In the living room, Robin tries to reach Walden, who has apparently left in a snit. She had no idea that he had repressed all of his childhood memories. Alan thinks he should reconsider the gift he was going to give Walden – a bathrobe covered in a Curious George monkey print. Alan then recounts a number of horrifying events from his own childhood, and says that as far as he’s concerned, Robin’s a candidate for Mother of The Year. She admits that she had his embryo frozen so that she and the mother gorilla would give birth at the same time, for scientific purposes. Alan asks her what she learned after all that time and energy. “My son is smarter than a gorilla.” she replies. Alan says that his is not.
Walden arrives at Zoe’s apartment, drunk and slurring. She says it isn’t a good time. He says it isn’t for him either; his mother is a mad scientist, and he spent the first four years of his life flinging poop with his brother, the gorilla.
He’s introduced to Zoe’s very proper British parents. He immediately asks Zoe’s mother Cheryl if she would raise her daughter with a wild beast to satisfy her scientific curiosity. She says she can’t say, but she has cross-bred orchids. With Zoe’s parents standing there, Walden says that he always strives to give Zoe multiple orgasms, in fear of being sent to Central Africa. Cheryl says that she and the Commander have often gone to Africa on safari, but she can’t say she’s had multiple orgasms.
Zoe calls to say that Walden is drunk, and has climbed on to her roof. Alan and Robin drive to the building, and Alan crawls on to the roof to talk to Walden. Walden is still angry with his mother, but Alan has a few horror stories of his own. Alan says neither of them can keep blaming their mothers for how their lives turned out. Alan admits that he’s never forgiven his mother, but he’s a small, petty man. Walden, on the other hand, has accomplished great things, and has the capacity to accomplish even more. What about Magilla, says Walden. “I loved him and she sent him away.”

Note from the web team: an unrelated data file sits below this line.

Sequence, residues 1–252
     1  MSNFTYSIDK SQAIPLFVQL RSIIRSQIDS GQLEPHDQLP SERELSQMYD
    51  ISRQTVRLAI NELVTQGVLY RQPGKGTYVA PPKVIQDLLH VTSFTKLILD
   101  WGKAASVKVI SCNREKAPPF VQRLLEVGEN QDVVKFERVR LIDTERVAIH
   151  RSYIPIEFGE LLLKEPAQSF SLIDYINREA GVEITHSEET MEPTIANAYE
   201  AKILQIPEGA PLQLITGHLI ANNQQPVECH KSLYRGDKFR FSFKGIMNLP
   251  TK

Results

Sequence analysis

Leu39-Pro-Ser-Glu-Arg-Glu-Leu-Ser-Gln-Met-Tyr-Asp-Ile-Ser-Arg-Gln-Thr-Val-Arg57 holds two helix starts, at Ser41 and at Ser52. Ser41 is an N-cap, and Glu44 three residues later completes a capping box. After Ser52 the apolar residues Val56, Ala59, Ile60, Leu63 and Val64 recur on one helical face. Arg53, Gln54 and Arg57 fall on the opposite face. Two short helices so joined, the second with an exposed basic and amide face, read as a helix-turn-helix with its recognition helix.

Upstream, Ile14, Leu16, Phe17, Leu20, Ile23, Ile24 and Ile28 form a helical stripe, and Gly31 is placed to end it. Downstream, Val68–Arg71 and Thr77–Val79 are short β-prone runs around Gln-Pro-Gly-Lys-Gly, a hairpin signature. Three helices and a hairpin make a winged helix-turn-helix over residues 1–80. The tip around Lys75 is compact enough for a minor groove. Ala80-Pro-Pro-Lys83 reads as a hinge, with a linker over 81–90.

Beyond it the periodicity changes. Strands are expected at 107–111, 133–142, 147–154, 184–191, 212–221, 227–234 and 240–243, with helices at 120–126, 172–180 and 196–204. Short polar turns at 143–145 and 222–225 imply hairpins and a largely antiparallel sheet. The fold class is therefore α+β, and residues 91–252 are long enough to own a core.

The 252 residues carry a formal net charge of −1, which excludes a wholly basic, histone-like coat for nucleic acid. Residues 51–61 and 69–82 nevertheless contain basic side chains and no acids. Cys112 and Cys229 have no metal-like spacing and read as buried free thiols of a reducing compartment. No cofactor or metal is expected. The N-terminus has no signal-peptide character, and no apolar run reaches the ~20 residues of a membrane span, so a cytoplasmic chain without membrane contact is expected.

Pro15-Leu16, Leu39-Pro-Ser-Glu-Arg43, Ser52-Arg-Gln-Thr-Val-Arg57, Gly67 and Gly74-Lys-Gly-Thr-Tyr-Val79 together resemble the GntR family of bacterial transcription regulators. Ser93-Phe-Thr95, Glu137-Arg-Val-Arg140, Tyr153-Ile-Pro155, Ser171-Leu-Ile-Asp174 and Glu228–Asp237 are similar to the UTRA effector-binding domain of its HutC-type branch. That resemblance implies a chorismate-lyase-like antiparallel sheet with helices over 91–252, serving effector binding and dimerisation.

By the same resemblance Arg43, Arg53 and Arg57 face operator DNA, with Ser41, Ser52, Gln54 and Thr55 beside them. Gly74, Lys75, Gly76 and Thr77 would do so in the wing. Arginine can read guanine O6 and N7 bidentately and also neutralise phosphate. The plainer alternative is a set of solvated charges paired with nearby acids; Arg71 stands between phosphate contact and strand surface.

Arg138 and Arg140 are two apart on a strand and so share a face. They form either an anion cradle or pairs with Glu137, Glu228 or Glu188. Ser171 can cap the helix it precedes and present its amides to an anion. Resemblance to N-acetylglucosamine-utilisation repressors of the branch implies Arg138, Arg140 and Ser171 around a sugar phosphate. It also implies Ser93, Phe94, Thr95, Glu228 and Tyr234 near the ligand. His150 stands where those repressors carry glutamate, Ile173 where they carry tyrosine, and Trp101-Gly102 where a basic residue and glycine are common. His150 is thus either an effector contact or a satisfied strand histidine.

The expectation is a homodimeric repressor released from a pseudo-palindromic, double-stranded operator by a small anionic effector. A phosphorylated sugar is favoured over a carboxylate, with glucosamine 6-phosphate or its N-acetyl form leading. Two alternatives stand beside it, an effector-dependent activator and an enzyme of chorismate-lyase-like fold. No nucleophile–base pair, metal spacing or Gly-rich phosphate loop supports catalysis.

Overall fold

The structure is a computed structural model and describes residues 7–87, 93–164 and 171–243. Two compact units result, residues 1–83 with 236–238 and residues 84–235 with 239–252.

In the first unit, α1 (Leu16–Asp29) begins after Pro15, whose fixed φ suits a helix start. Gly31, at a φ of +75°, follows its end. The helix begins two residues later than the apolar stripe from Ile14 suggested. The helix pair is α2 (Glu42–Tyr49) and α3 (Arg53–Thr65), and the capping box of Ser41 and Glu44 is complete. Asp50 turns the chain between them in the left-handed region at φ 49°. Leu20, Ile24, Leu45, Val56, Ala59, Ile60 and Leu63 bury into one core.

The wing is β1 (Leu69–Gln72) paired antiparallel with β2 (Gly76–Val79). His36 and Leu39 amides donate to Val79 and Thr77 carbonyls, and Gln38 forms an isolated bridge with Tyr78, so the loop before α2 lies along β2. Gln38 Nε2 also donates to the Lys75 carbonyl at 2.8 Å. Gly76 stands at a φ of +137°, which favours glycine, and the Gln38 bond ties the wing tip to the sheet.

Alan reminds him that he knows what it’s like to lose a brother, who also tried to kill a Jehovah’s Witness. Suddenly a helicopter arrives, and Walden goes into full King Kong mode. A crowd has gathered below, and Zoe introduces herself to Robin. (They look rather alike, actually.) Zoe also introduces Robin to her parents, who behave in proper British form. They note that Walden is a charming young man, but he thinks he’s the brother of a monkey.
On the sidewalk, Jake and his friend look up at the roof, while munching on pizza. Jake says he thinks that his dad up there on the roof, and then agrees to go get some frozen yogurt.
Robin takes Alan and Walden to the zoo, where Magilla and Walden have a joyful reconciliation. Alan notes that it’s the most beautiful thing he’s ever seen. He sees that Robin is carrying a tazer, and she admits that with a 400 pound gorilla, things could have gone either way.